LILA: Till then were you only doing advocacy?
Ela Ben: Advocacy isn’t the right word. Advocacy means you are doing it for someone else. Here, we are all members. I am also a member. There is a provision in SEWA’s constitution that allows a very small number of people to become members with full rights to vote and take part in the election of the union. They are called honorary members, and are limited to five individuals at any time. But we allow only those who are ready to take legal responsibility for the union, that is, even go to jail if the situation arises.
LILA: It is nice to see you distinguish between these terms –advocacy, social work, nation building, swaraj, etc. It is very hard to find such nuanced understanding and use of these terms in the public space today, where they have been made available to all without a deep understanding of what they really stand for. Is there a word you would use to describe your work?
Ela Ben: Struggle. SEWA, as a body, struggles for our rights, food security, and social security. We struggle for the betterment of our society. We struggle to set up our own institutions. Sometimes we also have to do satyagraha. Sometimes we also have to do civil disobedience. Our work is different shades of satyagraha, and different shades of struggle.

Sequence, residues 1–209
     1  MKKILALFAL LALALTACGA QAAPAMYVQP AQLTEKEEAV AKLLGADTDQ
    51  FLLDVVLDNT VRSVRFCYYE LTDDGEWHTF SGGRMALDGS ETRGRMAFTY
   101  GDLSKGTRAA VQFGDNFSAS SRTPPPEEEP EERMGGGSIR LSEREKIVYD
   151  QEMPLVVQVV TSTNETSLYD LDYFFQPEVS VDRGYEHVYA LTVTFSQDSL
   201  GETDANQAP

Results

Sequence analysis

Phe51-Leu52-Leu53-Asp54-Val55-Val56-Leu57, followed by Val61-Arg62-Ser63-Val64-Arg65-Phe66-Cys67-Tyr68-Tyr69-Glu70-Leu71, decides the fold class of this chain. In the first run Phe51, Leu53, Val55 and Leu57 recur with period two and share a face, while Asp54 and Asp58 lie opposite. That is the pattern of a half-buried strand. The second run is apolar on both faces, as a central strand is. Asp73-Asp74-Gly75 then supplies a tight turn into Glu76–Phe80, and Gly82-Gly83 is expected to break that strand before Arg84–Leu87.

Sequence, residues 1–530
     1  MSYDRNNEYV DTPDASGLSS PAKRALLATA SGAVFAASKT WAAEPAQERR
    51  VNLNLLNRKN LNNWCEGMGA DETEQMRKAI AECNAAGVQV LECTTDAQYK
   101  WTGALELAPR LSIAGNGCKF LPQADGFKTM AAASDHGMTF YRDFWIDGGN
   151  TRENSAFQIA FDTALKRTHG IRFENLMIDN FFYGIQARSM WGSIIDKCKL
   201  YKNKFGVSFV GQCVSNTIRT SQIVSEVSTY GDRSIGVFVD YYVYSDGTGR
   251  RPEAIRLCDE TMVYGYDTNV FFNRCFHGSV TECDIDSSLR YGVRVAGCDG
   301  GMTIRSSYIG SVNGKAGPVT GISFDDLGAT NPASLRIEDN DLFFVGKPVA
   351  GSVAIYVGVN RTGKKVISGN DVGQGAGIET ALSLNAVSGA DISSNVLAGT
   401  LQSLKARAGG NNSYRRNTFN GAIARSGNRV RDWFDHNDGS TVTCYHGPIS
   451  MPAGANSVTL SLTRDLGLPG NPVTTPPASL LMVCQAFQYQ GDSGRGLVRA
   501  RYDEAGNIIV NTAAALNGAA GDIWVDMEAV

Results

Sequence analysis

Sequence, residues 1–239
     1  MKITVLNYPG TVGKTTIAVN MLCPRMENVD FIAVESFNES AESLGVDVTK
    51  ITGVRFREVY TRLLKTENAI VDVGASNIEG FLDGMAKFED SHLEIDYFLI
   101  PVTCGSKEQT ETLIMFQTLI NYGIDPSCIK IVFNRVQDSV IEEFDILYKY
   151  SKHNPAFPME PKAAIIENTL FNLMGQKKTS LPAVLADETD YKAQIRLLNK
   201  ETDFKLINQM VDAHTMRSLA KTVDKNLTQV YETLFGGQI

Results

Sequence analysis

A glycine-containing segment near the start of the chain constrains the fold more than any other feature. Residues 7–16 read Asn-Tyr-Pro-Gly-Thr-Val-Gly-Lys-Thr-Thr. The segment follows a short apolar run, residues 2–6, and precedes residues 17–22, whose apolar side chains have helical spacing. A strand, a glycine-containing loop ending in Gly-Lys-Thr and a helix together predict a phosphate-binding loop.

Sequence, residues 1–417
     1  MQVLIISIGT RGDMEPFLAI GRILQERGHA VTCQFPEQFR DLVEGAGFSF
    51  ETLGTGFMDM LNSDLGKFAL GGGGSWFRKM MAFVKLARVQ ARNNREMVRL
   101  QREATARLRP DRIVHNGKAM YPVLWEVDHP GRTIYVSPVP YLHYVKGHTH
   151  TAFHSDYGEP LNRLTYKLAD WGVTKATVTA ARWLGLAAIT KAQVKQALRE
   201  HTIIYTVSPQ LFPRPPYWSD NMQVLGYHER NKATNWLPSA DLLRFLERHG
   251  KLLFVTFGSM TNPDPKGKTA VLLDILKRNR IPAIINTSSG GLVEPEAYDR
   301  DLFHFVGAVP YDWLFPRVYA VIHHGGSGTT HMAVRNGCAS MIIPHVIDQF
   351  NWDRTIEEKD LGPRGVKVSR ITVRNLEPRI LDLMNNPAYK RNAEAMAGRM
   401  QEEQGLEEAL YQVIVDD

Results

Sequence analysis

LILA: Can you tell me more about the cooperatives? What were the early days like, once SEWA was set up?
Ela Ben: Fundamentally I believe in sangathan [organisation] – the kind of sangathan where the members are the owners, managers and users. After SEWA was set up, management was the most difficult part to figure out. Managing is more empowering than owning. So, as far as possible, we decided to manage SEWA by ourselves. When we had to go into production and sale, it meant setting up a business. We had the skills of the producer. We also had the buyers ready. What we didn’t have was capital. But thanks to SEWA Cooperative bank, which by that time had already been established…
LILA: How did you establish the bank?